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Bethany to Leave Noe Valley for the Castro
By Erin O'Briant
Bethany United Methodist Church, a 37-year Noe Valley institution, may be leaving the neighborhood in as few as six months, according to church pastor Karen Oliveto. If the higher-ups in the United Methodist Church will lend the congregation a temporary space, she says, they'll pack up their Noe Valley home in early 2003. If not, Bethany's congregation will stay for two to two-and-a-half years in the current Sanchez Street location while they raise funds and complete their new church home.
"The hierarchy has been slow to respond to our request," says Oliveto.
The new Bethany Church will be located in the long-empty lot on the corner of Market and Noe streets in the Castro District.
Oliveto says she and her congregation of 175 are sad to leave the Noe Valley church where worshippers have gathered since the late 1800s. (Bethany itself has been there since 1965.) But, she adds, they are excited about the expanded opportunities for ministry the Castro space will offer.
"We're almost a suburban church in Noe Valley, the kind of programming we do," notes Oliveto. "I see our ministry [in the Castro] as being much more fast-paced and needing to respond to immediate needs within the community -- both to individuals and to crises in the community." Bethany, she points out, is a "reconciling congregation," which tries to be a bridge between the Christian Church and the gay/ lesbian/bisexual/transgender community.
The new four-story building will house a performance space in the basement, retail stores that fit with the church's mission on the ground floor, a multipurpose and worship space on the second, classrooms and a chapel on the third, and space for the Little People's Workshop, a parent-run co-op, on the fourth floor.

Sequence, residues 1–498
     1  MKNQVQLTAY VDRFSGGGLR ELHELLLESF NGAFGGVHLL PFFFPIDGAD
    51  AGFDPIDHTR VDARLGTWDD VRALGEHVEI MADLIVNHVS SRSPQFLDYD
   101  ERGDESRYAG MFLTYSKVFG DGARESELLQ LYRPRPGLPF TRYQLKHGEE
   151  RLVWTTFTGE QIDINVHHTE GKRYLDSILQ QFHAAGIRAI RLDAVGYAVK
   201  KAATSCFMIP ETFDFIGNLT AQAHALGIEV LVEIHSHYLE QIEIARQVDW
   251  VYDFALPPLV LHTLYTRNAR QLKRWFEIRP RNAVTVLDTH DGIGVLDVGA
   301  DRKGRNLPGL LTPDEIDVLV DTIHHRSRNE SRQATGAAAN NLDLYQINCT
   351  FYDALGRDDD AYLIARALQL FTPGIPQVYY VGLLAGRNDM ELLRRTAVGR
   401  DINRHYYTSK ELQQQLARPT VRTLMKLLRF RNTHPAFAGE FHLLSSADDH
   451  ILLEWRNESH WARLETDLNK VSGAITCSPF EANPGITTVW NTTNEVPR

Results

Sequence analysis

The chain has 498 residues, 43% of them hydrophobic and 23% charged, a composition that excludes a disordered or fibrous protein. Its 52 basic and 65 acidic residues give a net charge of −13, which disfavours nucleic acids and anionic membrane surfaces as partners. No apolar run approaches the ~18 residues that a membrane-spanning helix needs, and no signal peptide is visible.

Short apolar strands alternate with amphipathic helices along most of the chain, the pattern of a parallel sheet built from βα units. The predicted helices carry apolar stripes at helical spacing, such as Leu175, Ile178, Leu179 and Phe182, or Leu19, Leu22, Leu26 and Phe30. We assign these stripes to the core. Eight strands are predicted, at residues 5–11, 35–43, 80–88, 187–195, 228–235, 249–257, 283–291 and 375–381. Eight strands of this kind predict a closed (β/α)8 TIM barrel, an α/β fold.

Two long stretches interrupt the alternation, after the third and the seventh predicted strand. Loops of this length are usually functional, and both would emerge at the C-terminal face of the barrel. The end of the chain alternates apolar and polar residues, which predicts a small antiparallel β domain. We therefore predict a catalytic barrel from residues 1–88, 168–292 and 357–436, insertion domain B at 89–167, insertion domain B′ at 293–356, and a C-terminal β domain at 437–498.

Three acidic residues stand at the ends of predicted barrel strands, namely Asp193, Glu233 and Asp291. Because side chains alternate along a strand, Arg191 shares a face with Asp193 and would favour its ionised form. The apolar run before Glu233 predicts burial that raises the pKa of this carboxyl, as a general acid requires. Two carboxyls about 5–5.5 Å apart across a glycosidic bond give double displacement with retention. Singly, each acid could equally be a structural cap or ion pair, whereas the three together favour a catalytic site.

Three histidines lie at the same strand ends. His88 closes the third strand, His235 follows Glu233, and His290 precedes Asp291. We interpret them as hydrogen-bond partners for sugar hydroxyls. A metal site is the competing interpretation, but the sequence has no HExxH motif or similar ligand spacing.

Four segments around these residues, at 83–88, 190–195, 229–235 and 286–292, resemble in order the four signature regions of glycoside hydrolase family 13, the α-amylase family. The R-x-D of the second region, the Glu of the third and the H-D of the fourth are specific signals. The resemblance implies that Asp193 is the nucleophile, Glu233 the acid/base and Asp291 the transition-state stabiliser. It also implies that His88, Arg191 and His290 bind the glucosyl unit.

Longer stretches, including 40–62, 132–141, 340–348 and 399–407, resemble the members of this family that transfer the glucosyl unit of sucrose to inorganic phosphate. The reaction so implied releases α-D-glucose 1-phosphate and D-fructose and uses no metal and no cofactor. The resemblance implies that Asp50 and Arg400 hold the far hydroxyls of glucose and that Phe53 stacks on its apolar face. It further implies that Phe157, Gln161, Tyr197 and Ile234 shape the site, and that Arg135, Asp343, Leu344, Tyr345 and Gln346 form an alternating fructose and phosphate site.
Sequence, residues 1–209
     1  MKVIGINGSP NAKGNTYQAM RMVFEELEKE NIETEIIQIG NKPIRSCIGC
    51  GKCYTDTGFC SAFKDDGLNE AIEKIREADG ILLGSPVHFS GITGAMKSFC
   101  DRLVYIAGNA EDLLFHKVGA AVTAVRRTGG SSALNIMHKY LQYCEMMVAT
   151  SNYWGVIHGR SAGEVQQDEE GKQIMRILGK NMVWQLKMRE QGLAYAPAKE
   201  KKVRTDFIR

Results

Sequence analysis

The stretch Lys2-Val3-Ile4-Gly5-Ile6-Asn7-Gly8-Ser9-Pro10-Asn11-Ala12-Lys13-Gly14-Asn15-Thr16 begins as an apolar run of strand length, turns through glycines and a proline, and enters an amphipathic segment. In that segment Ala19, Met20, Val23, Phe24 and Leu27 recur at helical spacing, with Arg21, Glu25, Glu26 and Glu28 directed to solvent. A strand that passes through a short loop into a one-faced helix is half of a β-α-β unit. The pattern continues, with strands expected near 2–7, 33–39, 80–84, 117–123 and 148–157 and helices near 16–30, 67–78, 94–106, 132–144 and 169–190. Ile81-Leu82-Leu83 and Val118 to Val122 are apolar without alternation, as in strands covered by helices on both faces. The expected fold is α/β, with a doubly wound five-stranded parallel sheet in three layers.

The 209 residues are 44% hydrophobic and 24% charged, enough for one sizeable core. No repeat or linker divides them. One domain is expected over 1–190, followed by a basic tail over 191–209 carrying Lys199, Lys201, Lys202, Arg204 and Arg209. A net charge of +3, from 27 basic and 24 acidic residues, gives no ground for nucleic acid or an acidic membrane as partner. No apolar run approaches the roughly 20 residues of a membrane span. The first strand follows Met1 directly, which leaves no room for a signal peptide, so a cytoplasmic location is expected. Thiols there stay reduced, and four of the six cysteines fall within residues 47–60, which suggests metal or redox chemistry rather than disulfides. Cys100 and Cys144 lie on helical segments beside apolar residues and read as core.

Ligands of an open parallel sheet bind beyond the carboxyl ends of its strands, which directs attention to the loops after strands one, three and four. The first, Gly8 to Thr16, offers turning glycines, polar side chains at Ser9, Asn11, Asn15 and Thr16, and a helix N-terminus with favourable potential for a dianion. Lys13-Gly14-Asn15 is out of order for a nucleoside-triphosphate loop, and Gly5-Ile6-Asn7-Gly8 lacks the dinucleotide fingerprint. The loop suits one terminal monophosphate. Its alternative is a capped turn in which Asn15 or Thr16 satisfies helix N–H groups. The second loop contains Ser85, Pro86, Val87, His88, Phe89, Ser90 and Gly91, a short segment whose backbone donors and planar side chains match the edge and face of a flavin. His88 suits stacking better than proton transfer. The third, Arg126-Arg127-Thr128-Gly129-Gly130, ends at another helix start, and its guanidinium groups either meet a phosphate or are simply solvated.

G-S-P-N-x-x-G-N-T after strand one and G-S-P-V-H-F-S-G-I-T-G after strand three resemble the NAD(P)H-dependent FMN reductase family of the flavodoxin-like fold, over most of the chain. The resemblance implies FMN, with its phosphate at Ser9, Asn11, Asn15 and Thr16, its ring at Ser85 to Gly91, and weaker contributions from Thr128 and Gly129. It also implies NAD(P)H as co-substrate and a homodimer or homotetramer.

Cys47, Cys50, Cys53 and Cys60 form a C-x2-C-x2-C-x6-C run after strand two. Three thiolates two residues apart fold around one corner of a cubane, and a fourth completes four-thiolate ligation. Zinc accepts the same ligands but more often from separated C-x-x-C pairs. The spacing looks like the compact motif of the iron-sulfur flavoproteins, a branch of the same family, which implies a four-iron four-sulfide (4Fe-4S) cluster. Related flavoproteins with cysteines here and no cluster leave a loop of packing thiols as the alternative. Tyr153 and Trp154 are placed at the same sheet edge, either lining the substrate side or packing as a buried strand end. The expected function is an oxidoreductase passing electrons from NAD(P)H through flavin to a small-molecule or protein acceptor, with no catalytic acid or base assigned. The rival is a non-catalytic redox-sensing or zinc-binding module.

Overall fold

Not to worry, Oliveto says. All the programs and community groups that now use Bethany's space are invited to move with the church. "We would never just turn around and say, 'You're out of here,'" Oliveto notes. "We plan on having space for all our groups," including the Dolores Street Baptist Church, which also currently meets at the Sanchez Street church.
The space where the new church will be built was once occupied by Trinity United Methodist Church (as well as by the Eureka Theater), but its building was destroyed by arson in 1981. The small congregation was unable to rebuild or make use of the space. Trinity merged with Bethany in 1998, and the congregants went to work deciding together how best to use the plot of land. After years of prayer and study, Oliveto says, they decided to build a new church.
Oliveto hopes the old church, built in 1907, will be taken over by a developer and used to provide affordable housing in Noe Valley, but she can't say for sure what will happen to the building on the corner of Sanchez and Clipper. According to her, it is not suited to the needs of the 21st century. "It's an old, funky building."
It's a time of change, but Oliveto says her flock is ready for the move. "We've really worked hard as a congregation to look at the future and how we can best serve in the coming decades," Oliveto says. "It was a very conflicted time that we had together, but people hung in there and we grew spiritually. It's not if we move, it's when we move. People are looking forward to what God is going to do with us."
For information on the move, or on any other activities of the church, call Bethany at 647-8393 or go to its web site at www.bethanysf.org.